(Photo credit: REUTERS/Tony Gentile)
In a clash between the two form players so far this clay court season, ten-time French Open champion Rafael Nadal seeks to reclaim the world #1 ranking and the Italian Open crown. Standing in his way is the current holder, Alexander Zverev of Germany, who brings a 13-match long winning streak that includes victories in the final in Munich and Madrid into the match. But will it be the king of clay or the rising star who claims the title?
Zverev has wins against Federer and Djokovic, indeed, he’s beaten both in Masters 1000 finals. But so far a win against Nadal has eluded him, despite the German having had four cracks at him. In the first match, two years ago in Indian Wells, Zverev came close to scoring what would have been a memorable win in the round of 16. He took the first set on a tiebreak and came to within a point of victory in the decider, but ultimately fell 7-6 0-6 5-7.
Nadal defeated him again nearly a year later in Melbourne in a five-set thriller in the third round. The German, then still a teenager, battled valiantly throughout. However, Nadal just had too much guile and experience, and more in his legs, eventually progressing 4-6 6-3 6-7 6-3 6-2. When the pair next met in Monte Carlo, later that year, Nadal destroyed Zverev 6-1 6-1 in the third round. He defeated Zverev again in the Davis Cup quarterfinal tie between Germany and Spain earlier this year in straight sets.
Path to the final
Nadal, top seed in Rome, began his tournament in the second round against Damir Dzumhur. The Spaniard put the disappointment of his defeat to Thiem in Madrid behind him with a thumping win in which he dropped just one game. He then overcame some spirited early resistance from Denis Shapovalov to avenge the loss he took from the Canadian in Montreal last year, 6-4 6-1. Nadal then recovered from dropping the opening set against Fognini to win in three, 4-6 6-1 6-2.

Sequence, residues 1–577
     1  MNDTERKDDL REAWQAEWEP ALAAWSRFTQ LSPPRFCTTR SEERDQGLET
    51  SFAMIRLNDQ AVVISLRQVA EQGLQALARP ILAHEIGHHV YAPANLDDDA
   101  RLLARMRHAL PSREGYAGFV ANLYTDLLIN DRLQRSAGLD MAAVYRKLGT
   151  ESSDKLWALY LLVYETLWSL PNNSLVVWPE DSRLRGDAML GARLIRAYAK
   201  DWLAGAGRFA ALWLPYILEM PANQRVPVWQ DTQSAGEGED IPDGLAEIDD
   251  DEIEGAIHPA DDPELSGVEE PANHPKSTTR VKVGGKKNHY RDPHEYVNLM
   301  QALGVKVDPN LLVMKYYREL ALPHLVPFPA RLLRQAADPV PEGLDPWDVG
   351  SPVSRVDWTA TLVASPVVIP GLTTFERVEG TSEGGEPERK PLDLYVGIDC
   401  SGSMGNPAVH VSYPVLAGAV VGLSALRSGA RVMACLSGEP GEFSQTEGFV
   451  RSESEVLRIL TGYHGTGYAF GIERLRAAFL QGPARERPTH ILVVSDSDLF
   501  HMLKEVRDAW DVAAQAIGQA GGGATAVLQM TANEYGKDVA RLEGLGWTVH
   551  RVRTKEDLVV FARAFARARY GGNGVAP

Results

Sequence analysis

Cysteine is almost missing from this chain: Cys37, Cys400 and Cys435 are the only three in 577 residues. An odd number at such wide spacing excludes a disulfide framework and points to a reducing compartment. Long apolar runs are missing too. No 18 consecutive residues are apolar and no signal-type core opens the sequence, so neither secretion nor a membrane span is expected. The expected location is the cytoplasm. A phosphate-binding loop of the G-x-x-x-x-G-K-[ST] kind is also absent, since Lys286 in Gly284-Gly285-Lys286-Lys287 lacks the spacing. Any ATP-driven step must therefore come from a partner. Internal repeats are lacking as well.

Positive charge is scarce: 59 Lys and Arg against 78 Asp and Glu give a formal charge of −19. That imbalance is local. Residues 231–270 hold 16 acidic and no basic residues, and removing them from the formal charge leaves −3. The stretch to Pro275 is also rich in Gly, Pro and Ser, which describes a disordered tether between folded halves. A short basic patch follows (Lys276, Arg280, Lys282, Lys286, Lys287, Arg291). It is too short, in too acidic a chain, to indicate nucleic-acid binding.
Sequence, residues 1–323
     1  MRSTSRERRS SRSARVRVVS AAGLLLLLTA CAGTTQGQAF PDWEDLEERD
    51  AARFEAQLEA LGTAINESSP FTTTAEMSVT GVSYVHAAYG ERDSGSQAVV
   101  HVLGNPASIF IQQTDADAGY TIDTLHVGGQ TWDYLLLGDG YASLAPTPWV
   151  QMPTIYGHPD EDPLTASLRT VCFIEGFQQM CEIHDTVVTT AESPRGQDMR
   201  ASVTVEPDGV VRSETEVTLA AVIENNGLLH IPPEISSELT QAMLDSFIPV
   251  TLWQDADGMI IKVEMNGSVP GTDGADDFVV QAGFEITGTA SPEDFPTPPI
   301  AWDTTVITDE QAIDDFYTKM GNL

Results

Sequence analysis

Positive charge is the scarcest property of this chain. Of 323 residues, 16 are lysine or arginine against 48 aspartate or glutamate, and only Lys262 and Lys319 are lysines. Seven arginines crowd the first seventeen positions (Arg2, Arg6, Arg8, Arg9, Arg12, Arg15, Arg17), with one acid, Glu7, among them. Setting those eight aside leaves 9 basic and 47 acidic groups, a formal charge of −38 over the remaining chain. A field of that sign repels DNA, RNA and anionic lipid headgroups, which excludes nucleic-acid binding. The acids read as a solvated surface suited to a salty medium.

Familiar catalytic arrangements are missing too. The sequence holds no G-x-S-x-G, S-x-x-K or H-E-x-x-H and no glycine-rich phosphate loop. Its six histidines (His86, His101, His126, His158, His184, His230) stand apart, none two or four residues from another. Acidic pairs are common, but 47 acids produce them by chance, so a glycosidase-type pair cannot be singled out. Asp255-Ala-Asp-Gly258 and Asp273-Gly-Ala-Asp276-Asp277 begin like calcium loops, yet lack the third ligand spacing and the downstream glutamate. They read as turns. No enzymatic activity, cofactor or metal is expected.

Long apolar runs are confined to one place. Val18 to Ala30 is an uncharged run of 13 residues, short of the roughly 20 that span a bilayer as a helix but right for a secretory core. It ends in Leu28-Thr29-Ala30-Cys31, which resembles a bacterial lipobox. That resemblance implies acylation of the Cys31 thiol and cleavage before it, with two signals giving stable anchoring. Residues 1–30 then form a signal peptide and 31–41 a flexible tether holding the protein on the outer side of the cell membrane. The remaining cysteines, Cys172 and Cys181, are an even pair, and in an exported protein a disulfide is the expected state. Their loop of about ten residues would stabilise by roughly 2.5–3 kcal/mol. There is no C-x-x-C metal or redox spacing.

That set up a 51st clash with Novak Djokovic, who had won 26 of their previous meetings. That included inflicting nearly a fifth of all Nadal’s clay court defeats. The first set proved to be a classic, as Djokovic reeled in Nadal, who had broken early on. The two all-time greats were bringing some of their best tennis, but it was Nadal who found it when in mattered most, winning the set in a tiebreak. The second set didn’t quite live up to the first as Nadal kept the pressure on Djokovic and won it 6-3.
Zverev, who as the second seed also received a first round bye, first faced the Italian wildcard Matteo Berrettini, defeating him 7-5 6-2. He then edged past Kyle Edmund 7-5 7-6 despite squandering eight match points. He dropped his first set since the Munich second round against David Goffin, but beat the Belgian in a late night thriller all-the-same, coming back from a break down in the decider to do it. He then defeated Cilic in a closely fought match, in which the first set went to an epic 28 point tiebreak. Zverev won that, and the second 7-5 to advance.
How do they match up?
Zverev faces arguably the most difficult challenge in all of tennis in pursuit of his second Italian Open crown in succession. That challenge is hitting through Nadal. The Spaniard remains an astonishingly good defender on a clay court, presenting a brick wall to opponents. And Zverev will face him in good heart. Nadal must have been delighted in having successfully gone toe-to-toe with Djokovic and left his great rival knocked down in the dust of Campo Centrale.
Zverev, however, will doubtless approach this match rather differently than the Serbian. Whilst Djokovic trusted in his ability to match Nadal in prolonged baseline exchanges, ultimately incorrectly, Zverev is unlikely to entertain much faith in that as a path to victory. Rather Zverev must trust in his formidable array of attacking weapons, particularly his powerful backhand. However, Nadal can do plenty of damage himself, with his famous forehand and increasingly potent two-hander.
Defeat to Thiem aside, Nadal’s clay court season has been one of unbroken success, success that will continue at Zverev’s expense. Thiem won that match by going, effectively, for broke throughout and it coming off more often than not. Zverev could in theory do the same, but like Thiem he has no more than a puncher’s chance. And Nadal doesn’t suffer knockouts very often. The Spaniard will complete the perfect preparation for another assault on the Roland Garros crown and return to the #1 ranking with a straight sets win.